Valorie Seyfert, who recently received the 2008 Ernst & Young Entrepreneur of the Year award, is the president and CEO of CUSO Financial Services, an $80 million company located in Sorrento Valley.
She founded the innovative firm along with COO Amy Beattie in 1996, as a limited liability partnership (LLP) with credit union clients, in response to a gap they saw in the market for serving the investment and financial services needs of the credit unions.
They first began working together on common projects, providing legal and operations expertise, respectively, when they were with First Interstate Securities. Seyfert was legal counsel for various broker-dealers, investment advisers and financial institutions, while Beattie was vice president of operations.
"We felt we could provide better results than some of the credit unions were having, and a couple of broker dealers came to us (with the same idea)," Seyfert said. It began with a vision to partner with the credit unions and make their investment programs profitable; until then, broker dealers had had a very distant relationship with the credit unions, for whom investments were not a top priority.
Seyfert and Beattie pioneered the concept of a value-added and credit union-owned investment platform, a completely new business model. They recognized the need for a broker-dealer who could help increase earnings from investments and make them a top priority profit center. This vision helped make CUSO a market leader.
"Investments used to be ancillary, but now it is mainstream. We believe we had a big role in that shift," said Beattie, who recalls having to convince the credit unions that their offered investment services were valuable and members should be made aware of them.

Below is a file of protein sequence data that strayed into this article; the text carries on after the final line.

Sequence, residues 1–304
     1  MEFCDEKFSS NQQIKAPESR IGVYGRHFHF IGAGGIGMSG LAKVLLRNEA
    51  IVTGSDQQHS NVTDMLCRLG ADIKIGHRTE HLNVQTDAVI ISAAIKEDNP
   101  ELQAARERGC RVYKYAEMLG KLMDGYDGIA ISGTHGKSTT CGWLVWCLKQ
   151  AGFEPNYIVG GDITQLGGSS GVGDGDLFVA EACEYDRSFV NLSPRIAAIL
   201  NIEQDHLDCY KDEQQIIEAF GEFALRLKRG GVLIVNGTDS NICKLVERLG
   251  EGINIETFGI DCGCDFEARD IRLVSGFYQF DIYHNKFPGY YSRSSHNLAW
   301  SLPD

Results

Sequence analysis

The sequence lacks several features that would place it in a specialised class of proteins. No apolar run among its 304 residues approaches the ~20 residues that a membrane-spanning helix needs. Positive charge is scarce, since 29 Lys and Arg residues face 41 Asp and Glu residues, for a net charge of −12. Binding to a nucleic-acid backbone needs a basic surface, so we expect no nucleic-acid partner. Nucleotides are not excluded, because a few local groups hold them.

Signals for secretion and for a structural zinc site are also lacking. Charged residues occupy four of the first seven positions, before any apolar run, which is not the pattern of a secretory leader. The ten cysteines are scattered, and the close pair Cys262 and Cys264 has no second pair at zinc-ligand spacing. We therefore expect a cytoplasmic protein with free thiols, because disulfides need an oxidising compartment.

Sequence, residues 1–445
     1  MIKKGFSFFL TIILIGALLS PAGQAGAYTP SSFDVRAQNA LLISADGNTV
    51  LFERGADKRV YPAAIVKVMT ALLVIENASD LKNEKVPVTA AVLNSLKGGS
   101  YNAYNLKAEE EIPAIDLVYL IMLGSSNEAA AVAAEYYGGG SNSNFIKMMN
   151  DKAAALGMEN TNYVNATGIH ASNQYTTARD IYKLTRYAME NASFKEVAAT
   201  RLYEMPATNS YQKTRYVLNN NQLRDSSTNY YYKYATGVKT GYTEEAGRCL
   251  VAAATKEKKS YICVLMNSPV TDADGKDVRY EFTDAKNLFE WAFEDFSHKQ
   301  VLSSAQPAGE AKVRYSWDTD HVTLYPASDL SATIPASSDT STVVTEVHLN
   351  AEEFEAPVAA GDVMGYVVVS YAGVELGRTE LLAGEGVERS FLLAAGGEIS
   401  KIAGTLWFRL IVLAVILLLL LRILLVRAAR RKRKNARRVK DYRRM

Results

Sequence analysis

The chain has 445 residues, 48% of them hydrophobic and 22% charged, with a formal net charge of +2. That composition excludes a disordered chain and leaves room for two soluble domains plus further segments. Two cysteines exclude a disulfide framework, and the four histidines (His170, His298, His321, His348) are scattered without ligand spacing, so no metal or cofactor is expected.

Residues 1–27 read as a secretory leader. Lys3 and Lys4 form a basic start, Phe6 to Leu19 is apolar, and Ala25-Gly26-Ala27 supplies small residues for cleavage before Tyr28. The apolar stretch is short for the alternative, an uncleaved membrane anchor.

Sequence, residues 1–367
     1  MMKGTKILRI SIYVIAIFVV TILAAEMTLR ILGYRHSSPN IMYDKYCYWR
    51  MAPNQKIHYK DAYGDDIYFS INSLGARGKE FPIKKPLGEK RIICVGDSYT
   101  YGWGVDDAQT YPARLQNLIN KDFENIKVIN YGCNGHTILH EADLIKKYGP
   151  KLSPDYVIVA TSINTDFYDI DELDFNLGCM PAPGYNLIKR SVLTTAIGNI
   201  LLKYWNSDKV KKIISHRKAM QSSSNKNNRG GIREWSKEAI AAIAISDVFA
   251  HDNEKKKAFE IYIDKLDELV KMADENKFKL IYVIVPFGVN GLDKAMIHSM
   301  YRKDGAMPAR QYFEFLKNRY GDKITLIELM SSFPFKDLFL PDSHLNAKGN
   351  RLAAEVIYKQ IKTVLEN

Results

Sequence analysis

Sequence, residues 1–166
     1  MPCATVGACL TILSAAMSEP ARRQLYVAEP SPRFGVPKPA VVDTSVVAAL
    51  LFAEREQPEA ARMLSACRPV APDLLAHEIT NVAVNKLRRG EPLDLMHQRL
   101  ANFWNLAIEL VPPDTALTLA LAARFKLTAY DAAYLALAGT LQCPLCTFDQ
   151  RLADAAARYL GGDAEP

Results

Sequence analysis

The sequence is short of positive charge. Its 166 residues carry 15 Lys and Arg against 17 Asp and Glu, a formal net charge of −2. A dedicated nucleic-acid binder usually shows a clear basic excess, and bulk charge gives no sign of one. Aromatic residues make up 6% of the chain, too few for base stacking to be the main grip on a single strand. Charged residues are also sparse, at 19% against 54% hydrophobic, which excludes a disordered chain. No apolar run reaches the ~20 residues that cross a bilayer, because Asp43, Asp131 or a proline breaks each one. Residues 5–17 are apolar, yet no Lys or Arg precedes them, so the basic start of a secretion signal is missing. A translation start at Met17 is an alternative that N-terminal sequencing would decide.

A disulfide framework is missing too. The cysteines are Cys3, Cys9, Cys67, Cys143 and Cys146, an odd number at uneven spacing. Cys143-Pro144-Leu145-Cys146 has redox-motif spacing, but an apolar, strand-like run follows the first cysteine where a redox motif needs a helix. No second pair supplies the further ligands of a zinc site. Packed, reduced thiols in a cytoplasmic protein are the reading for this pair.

The first client came aboard in 1997, and today CUSO has 120 credit unions as clients, as well as three broker-dealers who outsource back office work to them. The firm is on target to achieve $100 million in sales.
All of this has been achieved without spending any money on advertising, relying completely on word of mouth referrals.
It is a testament to these visionary women that their core business plan has remained consistent over the years, as the company grew and expanded, extending its services beyond credit unions to include institutional investors and community banks.
The growth of the Internet, which coincided with the formation of CUSO, helped.
"When we began in 1996, the Internet was emerging as a powerful tool. So we took all the back office functions and integrated them into an online platform," Seyfert said. "It was very, very risky because not many people were ready to go online with trading. We saw it as an opportunity to eliminate paperwork and the errors related to paperwork, and take it to the national market."
They teamed up with E-Trade in 1997, which helped CUSO build its first platform.
"We were unlikely bed partners," said Beattie. "When we went out and started (to offer) a dual platform by combining online trading with financial services," she pointed out, "even Merrill Lynch did not merge these services. But now everyone does."
Since they did not have a legacy system, they built it as they grew, which made it scalable and flexible.